I know people feel frustrated when a candidate totally doesn’t reflect what they feel, what they want. At that point, they have to decide whether or not they’re going to engage their responsibility to vote for someone. They have to accept the responsibility when voting for one person, they may end up allowing someone who is more disadvantageous to the whole leadership and to the government process. You’ve got to study. You can’t say, “I’m out of the process, I’m not going to vote for anyone.” You’ve got to take a look at who would best serve those aspects you would want to see even if it wouldn’t fulfill everything you wanted.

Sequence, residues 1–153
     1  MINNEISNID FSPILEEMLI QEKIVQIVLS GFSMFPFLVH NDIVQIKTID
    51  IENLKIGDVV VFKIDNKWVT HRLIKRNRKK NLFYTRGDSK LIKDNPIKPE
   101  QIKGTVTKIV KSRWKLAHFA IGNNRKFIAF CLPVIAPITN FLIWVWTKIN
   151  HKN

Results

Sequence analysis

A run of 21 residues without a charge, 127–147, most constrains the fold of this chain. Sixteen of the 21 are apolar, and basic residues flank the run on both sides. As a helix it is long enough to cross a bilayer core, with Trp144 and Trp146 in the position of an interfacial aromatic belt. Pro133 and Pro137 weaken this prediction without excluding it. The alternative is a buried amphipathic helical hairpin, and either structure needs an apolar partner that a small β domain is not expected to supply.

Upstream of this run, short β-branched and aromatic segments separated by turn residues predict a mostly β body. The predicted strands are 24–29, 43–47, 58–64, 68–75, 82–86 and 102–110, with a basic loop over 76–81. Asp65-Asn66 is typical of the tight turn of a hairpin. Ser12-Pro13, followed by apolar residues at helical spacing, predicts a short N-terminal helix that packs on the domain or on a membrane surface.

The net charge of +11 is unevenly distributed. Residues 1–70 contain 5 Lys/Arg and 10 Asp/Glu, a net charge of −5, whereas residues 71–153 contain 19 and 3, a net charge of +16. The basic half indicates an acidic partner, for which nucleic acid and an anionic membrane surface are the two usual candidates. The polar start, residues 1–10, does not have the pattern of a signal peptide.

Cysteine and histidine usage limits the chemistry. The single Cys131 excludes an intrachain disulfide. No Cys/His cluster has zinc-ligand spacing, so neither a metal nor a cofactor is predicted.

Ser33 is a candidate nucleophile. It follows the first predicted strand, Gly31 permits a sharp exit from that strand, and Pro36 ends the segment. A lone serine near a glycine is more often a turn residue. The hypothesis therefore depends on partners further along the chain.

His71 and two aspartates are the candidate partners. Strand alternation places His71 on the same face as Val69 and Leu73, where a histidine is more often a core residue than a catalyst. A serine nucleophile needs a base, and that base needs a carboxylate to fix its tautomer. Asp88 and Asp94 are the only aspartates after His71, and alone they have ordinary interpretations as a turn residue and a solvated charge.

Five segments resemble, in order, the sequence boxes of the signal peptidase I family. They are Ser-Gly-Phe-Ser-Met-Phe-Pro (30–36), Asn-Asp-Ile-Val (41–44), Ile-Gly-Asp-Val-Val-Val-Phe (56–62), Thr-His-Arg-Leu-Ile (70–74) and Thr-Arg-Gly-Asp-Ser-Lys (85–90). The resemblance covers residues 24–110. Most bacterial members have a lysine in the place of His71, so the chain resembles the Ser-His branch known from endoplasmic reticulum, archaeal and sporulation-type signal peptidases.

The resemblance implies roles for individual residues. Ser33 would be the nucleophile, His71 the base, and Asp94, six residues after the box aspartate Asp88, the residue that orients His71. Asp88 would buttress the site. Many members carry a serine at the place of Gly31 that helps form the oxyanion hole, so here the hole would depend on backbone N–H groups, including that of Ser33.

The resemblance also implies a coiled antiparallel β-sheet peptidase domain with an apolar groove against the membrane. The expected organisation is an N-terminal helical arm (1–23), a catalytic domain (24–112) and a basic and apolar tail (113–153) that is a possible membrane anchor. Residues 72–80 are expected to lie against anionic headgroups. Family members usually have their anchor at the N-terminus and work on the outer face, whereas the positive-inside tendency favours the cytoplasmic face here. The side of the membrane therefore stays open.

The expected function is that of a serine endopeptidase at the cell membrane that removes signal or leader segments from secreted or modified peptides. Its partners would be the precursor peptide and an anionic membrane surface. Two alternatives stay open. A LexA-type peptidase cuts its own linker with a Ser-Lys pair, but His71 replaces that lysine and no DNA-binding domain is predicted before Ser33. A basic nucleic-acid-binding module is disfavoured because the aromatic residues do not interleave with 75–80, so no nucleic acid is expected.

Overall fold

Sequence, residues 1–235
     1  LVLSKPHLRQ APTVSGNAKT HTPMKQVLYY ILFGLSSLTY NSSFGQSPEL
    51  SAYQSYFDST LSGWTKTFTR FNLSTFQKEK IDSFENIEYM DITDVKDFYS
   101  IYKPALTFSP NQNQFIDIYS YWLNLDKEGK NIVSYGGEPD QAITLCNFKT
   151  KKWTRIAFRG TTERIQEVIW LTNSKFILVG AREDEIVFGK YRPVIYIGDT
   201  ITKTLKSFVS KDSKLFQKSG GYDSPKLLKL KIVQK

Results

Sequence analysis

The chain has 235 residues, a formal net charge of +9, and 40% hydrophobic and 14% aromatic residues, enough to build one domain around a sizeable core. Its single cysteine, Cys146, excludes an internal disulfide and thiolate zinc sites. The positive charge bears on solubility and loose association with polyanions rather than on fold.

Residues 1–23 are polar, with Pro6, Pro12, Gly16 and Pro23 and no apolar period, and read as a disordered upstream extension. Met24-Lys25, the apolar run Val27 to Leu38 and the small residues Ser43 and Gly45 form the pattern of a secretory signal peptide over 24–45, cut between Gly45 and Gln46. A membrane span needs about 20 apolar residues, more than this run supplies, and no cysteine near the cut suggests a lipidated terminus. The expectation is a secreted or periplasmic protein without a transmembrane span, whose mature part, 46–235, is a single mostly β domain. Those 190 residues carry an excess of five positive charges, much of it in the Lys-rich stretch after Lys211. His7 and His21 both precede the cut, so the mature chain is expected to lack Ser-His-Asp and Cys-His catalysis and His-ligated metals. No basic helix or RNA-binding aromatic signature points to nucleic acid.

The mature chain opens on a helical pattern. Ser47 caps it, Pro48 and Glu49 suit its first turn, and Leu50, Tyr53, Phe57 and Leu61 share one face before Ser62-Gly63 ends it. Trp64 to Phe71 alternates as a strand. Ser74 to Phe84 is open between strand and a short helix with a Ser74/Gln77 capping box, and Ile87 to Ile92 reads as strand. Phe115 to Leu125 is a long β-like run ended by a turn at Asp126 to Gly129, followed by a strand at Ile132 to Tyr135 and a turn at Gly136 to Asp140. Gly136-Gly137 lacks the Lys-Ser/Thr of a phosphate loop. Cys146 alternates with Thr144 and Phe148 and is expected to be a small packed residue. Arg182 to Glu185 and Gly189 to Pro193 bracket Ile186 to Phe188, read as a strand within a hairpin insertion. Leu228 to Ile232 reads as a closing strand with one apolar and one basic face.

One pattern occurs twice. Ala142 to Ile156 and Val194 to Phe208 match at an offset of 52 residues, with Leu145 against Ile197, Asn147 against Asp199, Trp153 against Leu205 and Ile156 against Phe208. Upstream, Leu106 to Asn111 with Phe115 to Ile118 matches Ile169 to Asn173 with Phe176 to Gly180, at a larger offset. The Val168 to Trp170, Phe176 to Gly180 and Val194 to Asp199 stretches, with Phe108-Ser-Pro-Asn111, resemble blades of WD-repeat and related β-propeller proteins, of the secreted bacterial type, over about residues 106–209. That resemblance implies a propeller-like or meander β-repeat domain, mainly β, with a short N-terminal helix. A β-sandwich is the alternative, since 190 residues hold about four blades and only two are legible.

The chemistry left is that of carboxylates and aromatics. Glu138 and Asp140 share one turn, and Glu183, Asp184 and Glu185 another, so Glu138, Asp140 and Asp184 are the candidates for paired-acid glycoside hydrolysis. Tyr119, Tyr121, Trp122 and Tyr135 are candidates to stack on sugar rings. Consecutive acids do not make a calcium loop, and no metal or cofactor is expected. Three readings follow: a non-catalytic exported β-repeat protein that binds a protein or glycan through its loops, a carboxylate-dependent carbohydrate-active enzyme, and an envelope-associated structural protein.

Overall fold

What is the funniest moment that happened to you during a Mass or wedding?
The funniest thing was at a wedding. I’d warned the bridesmaid who was doing the petitions at her sister’s wedding that the petitions read, “Let us pray for the newly married couple ___ and ___” and it meant she should insert their names. So I put in, literally, the sister’s name and husband’s name. And the bridesmaid looked at me at the rehearsal and said, “You don’t think I don’t know my own sister’s name and brother-in-law’s name?”
And I said, “Well, it’s just that the emotions of the day can make you go blank.”
And it came time for the petitions on the day of the ceremony. And she looked out and said, “Now, let us pray for the newly married couple…” and there was this blank stare. And she looked over to me and I looked at her and smiled, and then she looked down at the paper and read the names. The emotions of the day can throw you off.